Multiple Chemcal Sensitivity (MCS) or idiopathic environmental intolerances (IEI) is a is a chronic condition and syndrome where a person is adversely affected by exposure to low-level chemicals such as scented products, perfumes, petrols, pesticides, plastics, synthetic fabrics, smoke, and paint fumes. Symptoms are not specific meaning they are common symptoms to many other illnesses such as nausea, dizziness, and inflammation of skin, joints, gastrointestinal tract and airways.
Some researchers are of the opinion that Multiple Chemical Sensitivity is due to immune system damage or malfunction, which may produce reactions from all sorts of triggers rather than a specific reaction to one toxicant.
The body has a high stress response to scents and symptoms experienced are very real and can be disabling. MCS patients can also react strongly to placebos if they believe they are smelling chemical stimuli. Mental health conditions such as anxiety, depression and somatoform disorder are commonly associated conditions with MCS.
Latest news on MCS from The Chemical Sensitivity Foundation.
Note: Always seek advice from a doctor before beginning any listed treatments. Treatments can affect everyone differently.
Multiple Chemical Sensitivity Symptoms
The possible list of symptoms varies from one patient to another. Symptoms of MCS are very similar to those patients with Chronic Fatigue Syndrome (CFS/ME) and many people with CFS/ME have MCS as well. Here is a list of possible MCS symptoms.
burning, stinging eyes
wheezing, breathlessness nausea
poor memory & concentration
runny nose (rhinitis)
sore throat, cough
skin rashes and/or itching skin
sensitivity to light & noise
muscle & joint pain.
Treatment for MCS tends to focus on the underlying cause and desensitisating the patient as opposed to addressing symptoms individually.
Chemical Avoidance for Multiple Chemical Sensitvity:
By avoiding the trigger the patient not only avoids acute symptoms but also lessens the toxic load of their system and allows the hepatic detoxification pathways to more efficiently inactivate toxic substances and eliminate them from the body.
Working with a trained practitioner can assist you to develop skills to calm anxiety and can also equip you with knowledge to find your next steps towards wellness. Please ensure that you find a practitioner who understands how to navigate the territory of complex chronic health conditions.
Detoxification Support for Multiple Chemical Sensitivity:
Raising glutathione levels in patients that are "slow acetylators" may improve there detoxification pathways and help with their MCS condition. This can be done by supplementing with N-Acetyl-Cysteine and alpha lipoic acid and also Milk Thistle.
Phosphatidylcholine (PC) for Multiple Chemical Sensitivity:
Is a fatty substance which in large dosages (both orally and intravenously) can help support cell membranes by replacing the PC damaged by toxins and currently comprising the cell membranes, thus restoring cellular health and detoxification efficiency.
The Martin Pall Protocol for Multiple Chemical Sensitivity:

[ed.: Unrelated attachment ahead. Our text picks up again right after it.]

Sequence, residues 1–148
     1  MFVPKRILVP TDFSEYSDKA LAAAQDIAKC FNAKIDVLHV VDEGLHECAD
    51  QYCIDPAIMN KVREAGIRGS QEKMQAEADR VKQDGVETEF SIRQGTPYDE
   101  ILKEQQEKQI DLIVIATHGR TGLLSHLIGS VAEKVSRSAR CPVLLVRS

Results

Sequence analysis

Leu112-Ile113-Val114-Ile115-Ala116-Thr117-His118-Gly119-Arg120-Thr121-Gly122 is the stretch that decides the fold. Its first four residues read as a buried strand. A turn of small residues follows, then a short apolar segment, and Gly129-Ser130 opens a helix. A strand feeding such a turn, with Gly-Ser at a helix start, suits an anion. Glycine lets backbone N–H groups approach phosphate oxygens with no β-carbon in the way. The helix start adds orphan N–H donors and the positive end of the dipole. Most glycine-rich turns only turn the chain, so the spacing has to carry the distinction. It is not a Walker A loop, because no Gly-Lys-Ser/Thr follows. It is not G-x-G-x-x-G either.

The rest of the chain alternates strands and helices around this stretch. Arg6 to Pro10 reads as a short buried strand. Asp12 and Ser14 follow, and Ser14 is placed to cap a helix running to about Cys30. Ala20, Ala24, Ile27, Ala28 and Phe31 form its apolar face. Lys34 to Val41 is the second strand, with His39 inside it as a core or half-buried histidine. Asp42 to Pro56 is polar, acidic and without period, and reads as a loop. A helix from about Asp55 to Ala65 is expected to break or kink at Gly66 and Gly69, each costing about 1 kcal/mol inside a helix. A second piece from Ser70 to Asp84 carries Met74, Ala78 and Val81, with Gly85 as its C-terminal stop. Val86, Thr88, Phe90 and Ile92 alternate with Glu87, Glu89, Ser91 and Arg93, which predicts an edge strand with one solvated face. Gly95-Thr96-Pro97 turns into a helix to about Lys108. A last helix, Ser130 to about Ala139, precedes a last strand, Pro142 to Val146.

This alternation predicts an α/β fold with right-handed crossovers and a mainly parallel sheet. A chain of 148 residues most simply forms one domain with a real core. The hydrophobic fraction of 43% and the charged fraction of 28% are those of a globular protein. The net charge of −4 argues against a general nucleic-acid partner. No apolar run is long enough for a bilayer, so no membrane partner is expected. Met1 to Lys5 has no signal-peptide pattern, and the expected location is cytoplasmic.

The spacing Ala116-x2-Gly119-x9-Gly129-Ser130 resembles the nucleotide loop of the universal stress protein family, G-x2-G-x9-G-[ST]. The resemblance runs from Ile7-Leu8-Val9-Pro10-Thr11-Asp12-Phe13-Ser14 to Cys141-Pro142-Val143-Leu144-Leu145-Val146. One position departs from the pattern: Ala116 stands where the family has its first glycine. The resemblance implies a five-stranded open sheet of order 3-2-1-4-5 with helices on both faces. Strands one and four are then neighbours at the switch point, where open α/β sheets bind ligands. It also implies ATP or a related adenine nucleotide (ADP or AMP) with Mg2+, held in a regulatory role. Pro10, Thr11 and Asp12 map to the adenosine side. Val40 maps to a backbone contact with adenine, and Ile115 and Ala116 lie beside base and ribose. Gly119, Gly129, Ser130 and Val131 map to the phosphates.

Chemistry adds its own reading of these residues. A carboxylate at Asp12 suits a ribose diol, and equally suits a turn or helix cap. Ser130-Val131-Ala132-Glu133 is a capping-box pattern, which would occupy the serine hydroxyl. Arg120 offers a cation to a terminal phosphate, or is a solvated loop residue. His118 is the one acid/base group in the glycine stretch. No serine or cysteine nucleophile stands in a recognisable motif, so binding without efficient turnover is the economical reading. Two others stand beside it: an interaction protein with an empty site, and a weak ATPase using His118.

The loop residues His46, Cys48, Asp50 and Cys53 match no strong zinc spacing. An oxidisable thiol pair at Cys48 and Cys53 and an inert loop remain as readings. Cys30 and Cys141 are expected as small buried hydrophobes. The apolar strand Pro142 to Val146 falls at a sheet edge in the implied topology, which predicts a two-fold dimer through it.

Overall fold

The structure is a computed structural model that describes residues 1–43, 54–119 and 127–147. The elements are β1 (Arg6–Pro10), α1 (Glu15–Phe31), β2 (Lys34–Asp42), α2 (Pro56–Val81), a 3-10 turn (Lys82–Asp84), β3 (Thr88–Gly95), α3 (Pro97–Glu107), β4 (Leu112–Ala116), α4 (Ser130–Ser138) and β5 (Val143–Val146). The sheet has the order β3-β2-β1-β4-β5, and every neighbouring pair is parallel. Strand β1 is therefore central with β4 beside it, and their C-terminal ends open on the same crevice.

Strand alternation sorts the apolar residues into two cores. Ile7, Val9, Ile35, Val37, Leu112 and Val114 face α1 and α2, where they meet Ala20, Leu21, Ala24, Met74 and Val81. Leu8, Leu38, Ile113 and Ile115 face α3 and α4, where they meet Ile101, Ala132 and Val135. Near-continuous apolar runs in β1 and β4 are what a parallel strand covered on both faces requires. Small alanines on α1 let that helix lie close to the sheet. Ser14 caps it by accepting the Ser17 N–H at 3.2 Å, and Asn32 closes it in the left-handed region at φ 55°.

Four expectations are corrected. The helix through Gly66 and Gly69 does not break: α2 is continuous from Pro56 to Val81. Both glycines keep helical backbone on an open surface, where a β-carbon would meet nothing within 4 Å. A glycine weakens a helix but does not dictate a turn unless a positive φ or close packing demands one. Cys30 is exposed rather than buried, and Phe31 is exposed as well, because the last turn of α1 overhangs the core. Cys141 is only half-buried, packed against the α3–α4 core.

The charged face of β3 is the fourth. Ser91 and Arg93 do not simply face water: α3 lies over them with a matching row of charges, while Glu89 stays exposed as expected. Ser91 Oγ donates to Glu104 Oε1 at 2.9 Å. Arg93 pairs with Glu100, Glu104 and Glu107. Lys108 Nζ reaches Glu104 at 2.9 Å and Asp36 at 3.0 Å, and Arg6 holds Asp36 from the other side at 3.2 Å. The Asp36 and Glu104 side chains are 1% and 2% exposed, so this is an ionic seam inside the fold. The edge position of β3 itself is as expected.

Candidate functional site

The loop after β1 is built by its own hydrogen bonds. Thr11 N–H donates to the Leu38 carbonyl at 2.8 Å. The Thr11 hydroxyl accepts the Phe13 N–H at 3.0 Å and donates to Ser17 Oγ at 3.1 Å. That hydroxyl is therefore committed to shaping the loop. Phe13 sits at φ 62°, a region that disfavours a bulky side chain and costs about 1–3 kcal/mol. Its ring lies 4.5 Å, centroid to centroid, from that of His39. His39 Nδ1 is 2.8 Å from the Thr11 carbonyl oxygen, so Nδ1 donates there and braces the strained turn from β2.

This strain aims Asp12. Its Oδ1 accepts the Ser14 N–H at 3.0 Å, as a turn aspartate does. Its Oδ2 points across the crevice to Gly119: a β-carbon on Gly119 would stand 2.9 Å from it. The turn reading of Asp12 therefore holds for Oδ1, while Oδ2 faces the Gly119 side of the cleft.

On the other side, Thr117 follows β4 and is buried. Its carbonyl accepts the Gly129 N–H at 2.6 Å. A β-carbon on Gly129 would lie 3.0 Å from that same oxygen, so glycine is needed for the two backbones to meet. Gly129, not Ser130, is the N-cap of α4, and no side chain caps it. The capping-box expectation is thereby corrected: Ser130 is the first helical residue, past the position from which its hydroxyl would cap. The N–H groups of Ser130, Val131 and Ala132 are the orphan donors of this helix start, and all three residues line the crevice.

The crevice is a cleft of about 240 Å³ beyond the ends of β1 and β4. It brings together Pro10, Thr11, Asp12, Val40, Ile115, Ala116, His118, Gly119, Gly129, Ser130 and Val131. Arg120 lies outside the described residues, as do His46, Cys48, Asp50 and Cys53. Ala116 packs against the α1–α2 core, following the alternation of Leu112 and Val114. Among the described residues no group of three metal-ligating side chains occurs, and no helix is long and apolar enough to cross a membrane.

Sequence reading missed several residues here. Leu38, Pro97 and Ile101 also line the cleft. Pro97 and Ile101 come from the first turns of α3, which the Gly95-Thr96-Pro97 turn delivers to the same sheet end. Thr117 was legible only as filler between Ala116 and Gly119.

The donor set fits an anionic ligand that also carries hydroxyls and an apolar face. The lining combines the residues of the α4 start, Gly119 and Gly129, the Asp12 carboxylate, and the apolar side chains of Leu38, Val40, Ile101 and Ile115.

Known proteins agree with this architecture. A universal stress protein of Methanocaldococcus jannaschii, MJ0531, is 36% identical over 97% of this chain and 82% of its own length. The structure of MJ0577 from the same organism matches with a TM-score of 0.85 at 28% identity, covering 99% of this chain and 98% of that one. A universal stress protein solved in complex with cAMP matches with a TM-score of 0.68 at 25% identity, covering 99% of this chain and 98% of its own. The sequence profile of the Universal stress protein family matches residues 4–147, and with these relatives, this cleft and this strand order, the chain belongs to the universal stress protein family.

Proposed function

A combination of supplements to assist people with CFS/ME and MCS. More info
The Doctor Grace Ziem Protocol for Multiple Chemical Sensitivity:
A supplement protocol to assist patients with MCS. More info
DHEA for Multiple Chemical Sensitivity:
An adrenal hormone which is available as a supplement to take. It modulates neurotransmitters in the brain in the limbic system (the emotional and stress centre of the brain).
Far-Infrared Saunas for Multiple Chemical Sensitivity:
An option for detoxification which has less side effects than traditional hot saunas.
Mindfulness for MCS:
is a set of skills for healing, intuition, insight, calmness, focus, resilience and hope that you can develop to counter the stresses that chronic illness brings. You can literally "train your mind to promote healing. Mindfulness has a positive flow on affect into every aspect of a person’s life. More info
Brain Retraining Techniques (Ashok Gupta, Annie Hopper etc) for for Multiple Chemical Sensitivity:
Using mental exercises to rewire the neural connections that are causing the brain to overreact to chemical stimuli and replace them with more normal responses, thus lessening and even eliminating the symptoms of MCS.
There are currently no laboratory tests available for MCS and it is often unclear whether symptoms are physiologically or psychologically generated. The "gold standard" procedure for diagnosing a MCS patient is to test their response to a random introduction of chemicals the patient has self-identified as problematic.
A diagnosis of MCS can only be justified when the subject cannot consciously distinguish between chemicals and controls, and when responses are consistently present with exposure to chemicals and consistently absent when prompted by a control.
The six point standardised criteria are as follows.
Symptoms are reproducible with repeated (chemical) exposures
The condition has persisted for a significant period of time
Low levels of exposure (lower than previously or commonly tolerated) result in manifestations of the syndrome (i.e. increased sensitivity)
The symptoms improve or resolve completely when the triggering chemicals are removed
Responses often occur to multiple chemically unrelated substances
Symptoms involve multiple-organ symptoms (runny nose, itchy eyes, headache, scratchy throat, ear ache, scalp pain, mental confusion or sleepiness, palpitations of the heart, upset stomach, nausea and/or diarrhea, abdominal cramping, aching joints).
Do you suffer from MCS? Check out this useful article on various ways to manage sounds, smell and light sensitivities